A shot at prevention

Sometimes you just have to stand up and say, “This is wrong,” but most of the time, it’s possible to have a discussion about choices.

Imagine you are a software engineer at Volkswagen. Your boss comes in and says, “Bad news. Our new diesel engine has failed its specifications. I need you to rewrite the software so that the engine still passes the emissions tests.” What do you say?

Traditionally, the study of ethics said that you had two choices: go along or refuse and take the consequences. At best, you might pretend to go along until you found a new job.

Andy Fastow, the former CFO of Enron, served more than five years in jail and now speaks about what happened (and his belief that worse things are happening today). In a recent article in The Globe and Mail, he talked about how he answers business students who ask what they should do if faced with something unethical. He acknowledged that openly opposing the unethical behaviour is likely to jeopardize your career. Instead, he suggests that people “find a way to ask questions that raise key issues — such as whether an action creates long-term value — so that others are compelled to explain and justify the long-term implications of a proposed action.”

I think this is becoming the new way to look at business ethics. Sometimes you just have to stand up and say, “This is wrong,” but most of the time, it’s possible to have a discussion about choices.

Whether it’s a manager suggesting alternatives to his or her boss, a new employee puzzled about why something is done, or even a board member asking the CEO a tough question, we all have a shot at preventing the organization we work for from doing something it will later regret.

Mary Gentile, a professor at Babson College in Boston, has written a book telling people how to do just that. In Giving Voice to Values, she asserts that teaching people to determine the right thing to do is insufficient. Her emphasis is on action, “that is, developing the scripts and implementing plans for responding to ... questionable practices, and actually practicing the delivery of those scripts.” She thinks we all need to build the ethical muscle to know “what to say, to whom, and how to say it.”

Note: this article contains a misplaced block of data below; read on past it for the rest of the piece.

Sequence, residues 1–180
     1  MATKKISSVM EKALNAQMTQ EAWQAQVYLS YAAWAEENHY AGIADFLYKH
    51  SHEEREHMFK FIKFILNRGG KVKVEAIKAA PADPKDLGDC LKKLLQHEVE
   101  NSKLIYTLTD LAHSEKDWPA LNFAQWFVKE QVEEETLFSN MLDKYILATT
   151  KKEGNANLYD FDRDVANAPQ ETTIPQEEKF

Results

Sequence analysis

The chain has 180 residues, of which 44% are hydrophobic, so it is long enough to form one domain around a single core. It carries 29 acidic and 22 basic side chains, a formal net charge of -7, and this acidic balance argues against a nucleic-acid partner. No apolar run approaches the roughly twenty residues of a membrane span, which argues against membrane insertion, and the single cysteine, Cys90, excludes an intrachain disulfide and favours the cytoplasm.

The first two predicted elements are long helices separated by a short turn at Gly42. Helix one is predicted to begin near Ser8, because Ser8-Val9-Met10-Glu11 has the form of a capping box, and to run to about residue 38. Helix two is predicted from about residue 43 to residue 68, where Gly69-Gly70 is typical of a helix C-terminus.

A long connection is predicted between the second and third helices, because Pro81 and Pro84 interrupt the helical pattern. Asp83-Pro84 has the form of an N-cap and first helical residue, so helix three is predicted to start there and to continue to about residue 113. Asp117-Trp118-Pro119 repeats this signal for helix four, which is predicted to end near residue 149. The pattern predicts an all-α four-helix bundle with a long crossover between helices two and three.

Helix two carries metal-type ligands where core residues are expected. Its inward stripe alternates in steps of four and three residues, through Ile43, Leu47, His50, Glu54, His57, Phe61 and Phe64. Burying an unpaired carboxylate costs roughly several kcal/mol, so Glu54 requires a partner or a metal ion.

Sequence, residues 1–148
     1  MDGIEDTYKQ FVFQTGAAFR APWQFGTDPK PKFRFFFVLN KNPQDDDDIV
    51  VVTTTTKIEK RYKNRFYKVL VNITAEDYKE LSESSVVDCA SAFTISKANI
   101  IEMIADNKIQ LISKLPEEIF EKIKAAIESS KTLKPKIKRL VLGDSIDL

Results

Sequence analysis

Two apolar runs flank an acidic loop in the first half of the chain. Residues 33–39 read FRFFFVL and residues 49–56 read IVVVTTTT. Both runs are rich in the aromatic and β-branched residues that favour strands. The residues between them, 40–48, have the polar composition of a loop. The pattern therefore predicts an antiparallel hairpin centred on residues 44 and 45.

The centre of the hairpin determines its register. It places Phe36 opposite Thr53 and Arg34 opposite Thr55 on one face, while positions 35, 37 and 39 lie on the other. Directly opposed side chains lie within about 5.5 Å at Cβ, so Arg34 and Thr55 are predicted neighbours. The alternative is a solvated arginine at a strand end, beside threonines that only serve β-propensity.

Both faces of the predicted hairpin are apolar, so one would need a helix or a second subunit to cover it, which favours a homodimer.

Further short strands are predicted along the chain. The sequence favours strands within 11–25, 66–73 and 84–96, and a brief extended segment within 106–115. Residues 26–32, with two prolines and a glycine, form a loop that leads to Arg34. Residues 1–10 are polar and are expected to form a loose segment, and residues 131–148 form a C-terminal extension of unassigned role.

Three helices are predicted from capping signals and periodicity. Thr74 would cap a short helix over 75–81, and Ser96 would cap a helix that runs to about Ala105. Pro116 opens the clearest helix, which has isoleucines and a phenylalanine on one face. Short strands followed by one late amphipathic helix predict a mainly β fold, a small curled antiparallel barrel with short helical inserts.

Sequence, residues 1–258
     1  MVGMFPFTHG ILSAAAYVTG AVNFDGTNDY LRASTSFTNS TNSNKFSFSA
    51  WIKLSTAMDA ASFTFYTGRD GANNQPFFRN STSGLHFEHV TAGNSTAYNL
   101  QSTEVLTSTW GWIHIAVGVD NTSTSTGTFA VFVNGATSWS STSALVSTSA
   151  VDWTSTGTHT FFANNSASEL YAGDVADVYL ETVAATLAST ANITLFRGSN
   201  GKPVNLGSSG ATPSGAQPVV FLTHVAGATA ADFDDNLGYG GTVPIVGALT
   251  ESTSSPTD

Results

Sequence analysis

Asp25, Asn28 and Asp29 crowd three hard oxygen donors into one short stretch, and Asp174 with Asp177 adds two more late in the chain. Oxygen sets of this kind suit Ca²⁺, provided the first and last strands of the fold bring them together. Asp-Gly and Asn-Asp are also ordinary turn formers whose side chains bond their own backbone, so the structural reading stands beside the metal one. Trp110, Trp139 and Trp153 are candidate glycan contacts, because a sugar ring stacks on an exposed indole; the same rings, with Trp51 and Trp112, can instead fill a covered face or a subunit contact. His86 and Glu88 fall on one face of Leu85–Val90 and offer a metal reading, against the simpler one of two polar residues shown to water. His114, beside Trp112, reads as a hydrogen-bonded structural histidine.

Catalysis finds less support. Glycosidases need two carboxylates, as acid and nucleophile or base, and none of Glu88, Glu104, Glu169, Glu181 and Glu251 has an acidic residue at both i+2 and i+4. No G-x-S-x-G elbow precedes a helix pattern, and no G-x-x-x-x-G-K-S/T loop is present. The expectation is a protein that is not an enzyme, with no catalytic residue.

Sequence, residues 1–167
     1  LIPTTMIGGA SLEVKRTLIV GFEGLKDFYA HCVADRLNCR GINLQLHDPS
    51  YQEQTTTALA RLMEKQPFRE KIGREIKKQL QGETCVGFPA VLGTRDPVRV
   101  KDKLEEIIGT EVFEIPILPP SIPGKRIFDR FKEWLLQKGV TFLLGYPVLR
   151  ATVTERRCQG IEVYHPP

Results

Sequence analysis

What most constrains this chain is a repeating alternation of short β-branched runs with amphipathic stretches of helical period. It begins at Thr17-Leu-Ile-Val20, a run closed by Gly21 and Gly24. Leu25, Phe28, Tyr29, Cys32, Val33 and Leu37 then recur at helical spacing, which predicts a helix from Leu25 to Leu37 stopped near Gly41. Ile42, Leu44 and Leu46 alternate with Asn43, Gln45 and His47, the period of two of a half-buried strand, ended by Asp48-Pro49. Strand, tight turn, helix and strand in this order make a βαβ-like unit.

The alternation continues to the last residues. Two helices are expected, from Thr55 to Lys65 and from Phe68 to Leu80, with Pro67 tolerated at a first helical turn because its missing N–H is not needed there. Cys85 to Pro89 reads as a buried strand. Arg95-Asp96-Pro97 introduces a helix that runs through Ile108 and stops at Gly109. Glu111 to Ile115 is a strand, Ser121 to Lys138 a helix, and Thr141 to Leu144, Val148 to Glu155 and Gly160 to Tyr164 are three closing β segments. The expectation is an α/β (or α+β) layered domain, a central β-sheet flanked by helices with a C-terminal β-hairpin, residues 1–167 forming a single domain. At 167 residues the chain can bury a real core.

For obvious reasons, saying, “That’s unethical” to someone is unlikely to produce the desired results. You are essentially saying that he or she is a bad person — and the person will respond with the rationalizations he or she has developed to justify the proposed course of action. Challenging the business consequences is more likely to be heard. This might include setting out the risks of being caught, the potential damage to the company, or the impact on the team or department.

Apply this approach to the Volkswagen software engineer. He or she might say any of the following:
  • it might be possible to tweak the software, but it would be easy to detect, so this wouldn’t work for long. Isn’t there a better way to deal with this?
  • we could certainly do that, but the reputational risk to the company of being found out would be huge. We need to think about this some more;
  • the whole development team would need to know about this — and there is no way it could be kept quiet;
  • are the lawyers aware of this, and are they telling us this is legal?
  • let’s get the senior team together and talk this out. I need to hear from the others; and
  •  long term, spending more dollars and time to build the diesel engine that meets all the specifications is surely the better path. How can I help convince your boss?
The approach chosen will depend on the situation and the people involved, and there’s no guarantee that it will work. It will likely take a long discussion, perhaps several discussions, with many different people. Think of the billions in value Volkswagen would not have lost if a few of these conversations had taken place.

 

About the Author

Karen Wensley


Karen Wensley, MBA, is a lecturer in professional ethics at the University of Waterloo and a retired partner of EY.

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